Wednesday, April 8, 2009

Diamonds are a girl’s best friend. (Veblen)

Veblen writes, “the earliest form of ownership is an ownership of the women by the able-bodied men of the community.” (15) We see this ownership present today in the diamond engagement ring. It is on one hand a show of ownership, this woman is off limits, belongs to someone. Once upon a time, it would have come with an exchange of a herd of cattle or some tremendous dowry. It’s clearly also a display of conspicuous consumption – the bigger, the more the man is worth. It “should” cost the man so many months’ salary to pay for it.

“If you like it then you shoulda put a ring on it” – Beyonce

We know the myth perpetuated by the DeBeers family in South Africa, artificially created a market for diamonds. The diamond is a perfect symbol of leisure consumption. It’s of no use (at least as a stone on a ring) and it’s not actually all that rare. But by constructing a myth of its value, diamonds became a way for men to show off their wealth vicariously, and to be of good manners, good blood, have to literally buy into this, and take ownership of the ring. That isn’t to suggest, as Veblen does, that useless things can’t have other uses. In this case, the symbolism of commitment – literally engagement, but such a show of symbolism need not be achieved by a diamond, for anything agreed to by both parties as having importance should suffice. The diamond ring is however, primarily a way to show off wealth, to claim ownership of the wearer. The man is saying, I have so much, I can bejewel my property or as Veblen writes, “possession of the honorific booty” (18) and women’s “usefulness as trophies.” (16)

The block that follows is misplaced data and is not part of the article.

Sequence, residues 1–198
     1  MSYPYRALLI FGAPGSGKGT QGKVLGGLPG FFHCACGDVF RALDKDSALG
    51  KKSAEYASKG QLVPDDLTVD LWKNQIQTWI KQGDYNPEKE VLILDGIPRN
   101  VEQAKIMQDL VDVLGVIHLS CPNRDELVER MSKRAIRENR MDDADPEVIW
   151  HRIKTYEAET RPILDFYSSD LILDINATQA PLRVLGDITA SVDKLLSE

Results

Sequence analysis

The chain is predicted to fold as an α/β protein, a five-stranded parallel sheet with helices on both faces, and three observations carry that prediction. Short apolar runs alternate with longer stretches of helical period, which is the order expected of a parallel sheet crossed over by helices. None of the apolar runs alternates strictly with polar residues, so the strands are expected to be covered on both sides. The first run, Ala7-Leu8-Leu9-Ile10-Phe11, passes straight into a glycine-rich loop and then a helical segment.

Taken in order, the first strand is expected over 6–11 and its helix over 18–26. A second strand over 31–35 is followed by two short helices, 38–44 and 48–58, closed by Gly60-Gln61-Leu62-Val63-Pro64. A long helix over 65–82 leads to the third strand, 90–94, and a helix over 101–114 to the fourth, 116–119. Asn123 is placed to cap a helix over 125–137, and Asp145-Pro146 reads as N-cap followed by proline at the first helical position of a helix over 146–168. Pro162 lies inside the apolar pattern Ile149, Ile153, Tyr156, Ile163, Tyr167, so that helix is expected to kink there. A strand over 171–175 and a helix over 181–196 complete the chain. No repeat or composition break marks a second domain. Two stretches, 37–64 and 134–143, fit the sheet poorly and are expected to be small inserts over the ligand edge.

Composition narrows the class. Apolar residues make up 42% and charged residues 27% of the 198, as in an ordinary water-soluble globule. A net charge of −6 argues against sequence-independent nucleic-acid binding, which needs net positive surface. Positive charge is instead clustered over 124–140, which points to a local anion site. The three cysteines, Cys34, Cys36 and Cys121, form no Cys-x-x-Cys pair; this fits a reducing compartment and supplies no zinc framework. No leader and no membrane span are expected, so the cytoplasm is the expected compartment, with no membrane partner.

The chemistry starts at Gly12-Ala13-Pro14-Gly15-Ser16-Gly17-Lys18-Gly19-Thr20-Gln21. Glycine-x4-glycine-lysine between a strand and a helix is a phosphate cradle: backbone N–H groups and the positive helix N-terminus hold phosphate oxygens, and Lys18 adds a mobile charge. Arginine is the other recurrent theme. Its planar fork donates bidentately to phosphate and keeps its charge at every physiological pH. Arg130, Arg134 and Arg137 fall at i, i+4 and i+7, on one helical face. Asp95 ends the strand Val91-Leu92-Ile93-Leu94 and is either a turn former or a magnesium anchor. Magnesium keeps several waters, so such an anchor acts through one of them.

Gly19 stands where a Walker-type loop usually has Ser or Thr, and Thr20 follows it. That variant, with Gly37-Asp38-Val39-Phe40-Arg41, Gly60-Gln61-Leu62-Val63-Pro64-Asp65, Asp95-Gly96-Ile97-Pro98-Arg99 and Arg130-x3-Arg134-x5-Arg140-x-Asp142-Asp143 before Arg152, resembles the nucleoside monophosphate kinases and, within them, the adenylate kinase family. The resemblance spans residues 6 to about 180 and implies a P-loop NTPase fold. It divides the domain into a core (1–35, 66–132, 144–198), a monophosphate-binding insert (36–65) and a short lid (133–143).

“That girl is feeling Trapped by that ring on her finger” – Johnny Clegg

For the women, the ring is a sense of pride, something to be showed off, and oohed and ahhed at by their friends. It’s an affiliation, perhaps of love, but certainly of connection to wealth. The connection between the engagement ring and ownership has bothered for some time in the abstract. Veblen’s ideas compound my existing feelings, as the idea of the ring is not quite so much in the abstract at this point in time. – Nick  

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